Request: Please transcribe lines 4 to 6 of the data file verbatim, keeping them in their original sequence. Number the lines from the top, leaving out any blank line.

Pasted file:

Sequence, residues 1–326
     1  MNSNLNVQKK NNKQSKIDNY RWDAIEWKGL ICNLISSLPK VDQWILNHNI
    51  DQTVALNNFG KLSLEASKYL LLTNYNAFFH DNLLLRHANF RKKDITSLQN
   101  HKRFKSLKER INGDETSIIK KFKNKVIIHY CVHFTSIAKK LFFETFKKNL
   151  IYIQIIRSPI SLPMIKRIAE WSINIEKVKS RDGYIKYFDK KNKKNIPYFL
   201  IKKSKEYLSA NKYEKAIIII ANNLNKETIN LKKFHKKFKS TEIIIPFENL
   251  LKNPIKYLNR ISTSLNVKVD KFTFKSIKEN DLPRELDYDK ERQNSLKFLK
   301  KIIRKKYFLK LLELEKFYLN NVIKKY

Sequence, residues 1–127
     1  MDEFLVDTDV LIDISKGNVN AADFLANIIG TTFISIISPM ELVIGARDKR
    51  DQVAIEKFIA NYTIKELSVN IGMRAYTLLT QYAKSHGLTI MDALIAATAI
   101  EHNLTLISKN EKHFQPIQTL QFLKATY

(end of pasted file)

   101  HKRFKSLKER INGDETSIIK KFKNKVIIHY CVHFTSIAKK LFFETFKKNL
   151  IYIQIIRSPI SLPMIKRIAE WSINIEKVKS RDGYIKYFDK KNKKNIPYFL
   201  IKKSKEYLSA NKYEKAIIII ANNLNKETIN LKKFHKKFKS TEIIIPFENL